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The Department of Homeland Security suggests the only solution is to disable WPS

NETGEAR, Inc. (NTGR), Cisco System, Inc.'s (CSCO) Linksys, D-Link Corp (TPE:2332), and Belkin, Inc. are some of the biggest makers of routers.  If you own a router, there's a good chance you own a router from one of these manufacturers.  And if you own a router from them, there's a good chance you used Wi-Fi Protected Setup (WPS) -- a PIN protected method -- to easily set up your home network.  And that means that there's a good chance your security is now at serious risk.

WPS was dreamed up by the Wi-Fi Alliance as a means of easing the pain of home networking.  But by including a flag in the EAP-NACK message, the standard unwittingly left a gaping hole that can be exploited by hackers to subvert your router.

The message tells the user if the first half of the pin they typed was right.  Thus it drastically reduces the time needed to crack the PIN using a brute force attack.  Add in that the last bit of the PIN is always its checksum, you have a recipe for a security disaster.

Linksys router
[Image Source: Best Wireless Internet Routers Blog]

The flaw reduces the time it takes to crack your average PIN from 108 attempts to 104+103 attempts (11,000 attempts total).  Assuming you can fire off ten requests or more a second, you should be able to crack routers in minutes.

The U.S. Department of Homeland Security (DHS) has issued a warning to the public about the flaw.  It advises disabling WPS.  This may be a painful option for less savvy operators, though, as setting up a network with more sophisticated protections can require a bit of learning.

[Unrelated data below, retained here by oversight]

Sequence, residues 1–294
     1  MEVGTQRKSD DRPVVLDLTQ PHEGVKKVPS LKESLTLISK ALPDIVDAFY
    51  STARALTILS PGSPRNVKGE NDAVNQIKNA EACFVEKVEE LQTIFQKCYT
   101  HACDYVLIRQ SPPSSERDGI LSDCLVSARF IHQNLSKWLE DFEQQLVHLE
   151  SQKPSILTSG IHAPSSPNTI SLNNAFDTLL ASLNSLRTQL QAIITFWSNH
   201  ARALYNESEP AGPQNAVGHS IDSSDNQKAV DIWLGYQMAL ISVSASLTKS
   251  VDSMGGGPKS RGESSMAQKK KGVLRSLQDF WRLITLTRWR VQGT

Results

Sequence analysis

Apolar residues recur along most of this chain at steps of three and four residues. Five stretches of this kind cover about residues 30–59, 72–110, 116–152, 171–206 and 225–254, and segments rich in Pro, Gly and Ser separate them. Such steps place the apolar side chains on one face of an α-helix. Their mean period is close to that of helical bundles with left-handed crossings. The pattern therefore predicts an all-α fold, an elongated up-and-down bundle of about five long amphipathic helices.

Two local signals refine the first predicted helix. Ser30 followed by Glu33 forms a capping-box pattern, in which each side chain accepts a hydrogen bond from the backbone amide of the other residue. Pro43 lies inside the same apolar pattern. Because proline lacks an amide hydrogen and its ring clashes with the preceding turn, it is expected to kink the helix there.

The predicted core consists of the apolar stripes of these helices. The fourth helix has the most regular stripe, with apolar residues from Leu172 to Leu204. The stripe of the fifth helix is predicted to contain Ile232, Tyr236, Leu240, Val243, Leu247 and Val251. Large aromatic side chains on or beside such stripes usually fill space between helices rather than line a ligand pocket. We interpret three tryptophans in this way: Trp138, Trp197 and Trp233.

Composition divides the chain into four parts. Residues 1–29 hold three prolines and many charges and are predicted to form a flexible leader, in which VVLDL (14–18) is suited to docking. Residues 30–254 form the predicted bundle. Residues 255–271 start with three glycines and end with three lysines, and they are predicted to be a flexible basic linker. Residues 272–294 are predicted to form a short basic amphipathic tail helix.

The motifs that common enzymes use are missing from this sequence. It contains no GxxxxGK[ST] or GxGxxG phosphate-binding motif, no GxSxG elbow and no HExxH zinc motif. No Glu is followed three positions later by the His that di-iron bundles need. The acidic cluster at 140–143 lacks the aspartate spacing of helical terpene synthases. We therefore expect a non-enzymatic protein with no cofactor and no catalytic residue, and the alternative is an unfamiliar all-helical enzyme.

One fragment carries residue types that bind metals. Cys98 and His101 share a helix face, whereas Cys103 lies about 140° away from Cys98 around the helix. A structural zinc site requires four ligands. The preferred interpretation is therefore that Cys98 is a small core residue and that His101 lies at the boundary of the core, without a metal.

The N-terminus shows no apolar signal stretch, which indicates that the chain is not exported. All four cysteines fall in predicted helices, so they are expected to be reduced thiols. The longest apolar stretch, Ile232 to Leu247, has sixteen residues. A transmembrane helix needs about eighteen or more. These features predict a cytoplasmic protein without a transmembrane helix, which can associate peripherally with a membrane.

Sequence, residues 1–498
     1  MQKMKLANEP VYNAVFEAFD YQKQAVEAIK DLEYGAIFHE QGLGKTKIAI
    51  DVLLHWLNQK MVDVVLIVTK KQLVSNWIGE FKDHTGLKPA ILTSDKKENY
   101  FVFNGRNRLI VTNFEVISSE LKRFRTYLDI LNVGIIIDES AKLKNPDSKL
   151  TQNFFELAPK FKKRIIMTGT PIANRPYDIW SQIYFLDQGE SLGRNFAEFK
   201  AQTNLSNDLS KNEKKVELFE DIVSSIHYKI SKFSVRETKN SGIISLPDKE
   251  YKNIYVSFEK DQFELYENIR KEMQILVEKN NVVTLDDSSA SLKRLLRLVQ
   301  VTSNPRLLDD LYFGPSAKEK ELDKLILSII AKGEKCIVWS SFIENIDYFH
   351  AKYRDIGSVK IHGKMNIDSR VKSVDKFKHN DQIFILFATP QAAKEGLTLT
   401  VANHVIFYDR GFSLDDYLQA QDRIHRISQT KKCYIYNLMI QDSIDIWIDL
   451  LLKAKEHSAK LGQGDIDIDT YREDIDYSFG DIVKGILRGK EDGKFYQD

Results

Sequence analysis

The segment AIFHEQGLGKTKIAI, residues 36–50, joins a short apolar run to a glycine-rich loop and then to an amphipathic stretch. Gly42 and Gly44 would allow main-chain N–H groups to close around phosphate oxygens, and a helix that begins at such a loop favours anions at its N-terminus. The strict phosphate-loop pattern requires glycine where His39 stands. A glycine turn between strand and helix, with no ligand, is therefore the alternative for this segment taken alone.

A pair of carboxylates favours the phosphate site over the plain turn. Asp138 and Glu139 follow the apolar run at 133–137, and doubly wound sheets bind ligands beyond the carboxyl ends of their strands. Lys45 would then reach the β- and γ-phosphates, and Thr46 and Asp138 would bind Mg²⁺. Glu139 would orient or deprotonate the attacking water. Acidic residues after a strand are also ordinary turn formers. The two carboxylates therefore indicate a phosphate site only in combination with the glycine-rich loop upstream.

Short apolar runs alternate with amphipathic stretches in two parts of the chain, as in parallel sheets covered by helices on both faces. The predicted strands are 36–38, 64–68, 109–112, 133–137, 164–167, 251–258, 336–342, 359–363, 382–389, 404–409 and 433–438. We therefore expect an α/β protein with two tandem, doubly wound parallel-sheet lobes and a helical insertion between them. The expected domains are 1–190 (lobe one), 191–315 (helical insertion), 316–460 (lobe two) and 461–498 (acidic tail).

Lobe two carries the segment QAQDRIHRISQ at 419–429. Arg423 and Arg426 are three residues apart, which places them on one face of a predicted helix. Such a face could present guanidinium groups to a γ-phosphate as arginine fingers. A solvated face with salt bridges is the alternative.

Stefan Viehbock discovered the vulnerability and reported it to the DHS.  He claims that none of the major manufacturers stepped up to the plate with a patch.  He is going to release a C-coded exploitation tool shortly -- perhaps that will help prompt the business into action.

Sources: .BrainDump (Stefan Viehbock), Department of Homeland Security



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RE: Tip
By TrinityTP on 12/30/2011 8:05:55 PM , Rating: 2
Well at least Gibson specifies that it is not a strength meter (he's right it isn't) but calls it a keyspace meter instead (which is basically the same thing by another name). So having pointed out that is doesn't measure the password strength then goes on to describe how long it would take to brute force it. See the contradiction???

Keyspace (as calculated by that page) is irrelevant unless it represents the process of generating a key. For example, take a lowercase letter followed by 1234567879, that is a 10 character alphanumeric password but only has a keyspace of 26 (i.e. [a-z]123456789) and not (26+10)^10.
Basically don't reference that page (or that site), period. Ironically xkcd makes far better suggestions (as long as the password field is big enough).

P.S.
For Wifi a 19+ length random mixed case alphnumeric password is basically totally overkill ( ~113bits of security) since with 4096 rounds of PBKDF2 hardening we are nearly at the 128bit security level (the level that even thermodynamically speaking would require the entire planet's energy output for nearly a decade for a perfectly efficient computer to simply count to that number let alone actually SHA1 hash something that many times). Makes 256bit security look a bit silly really doesn't it?


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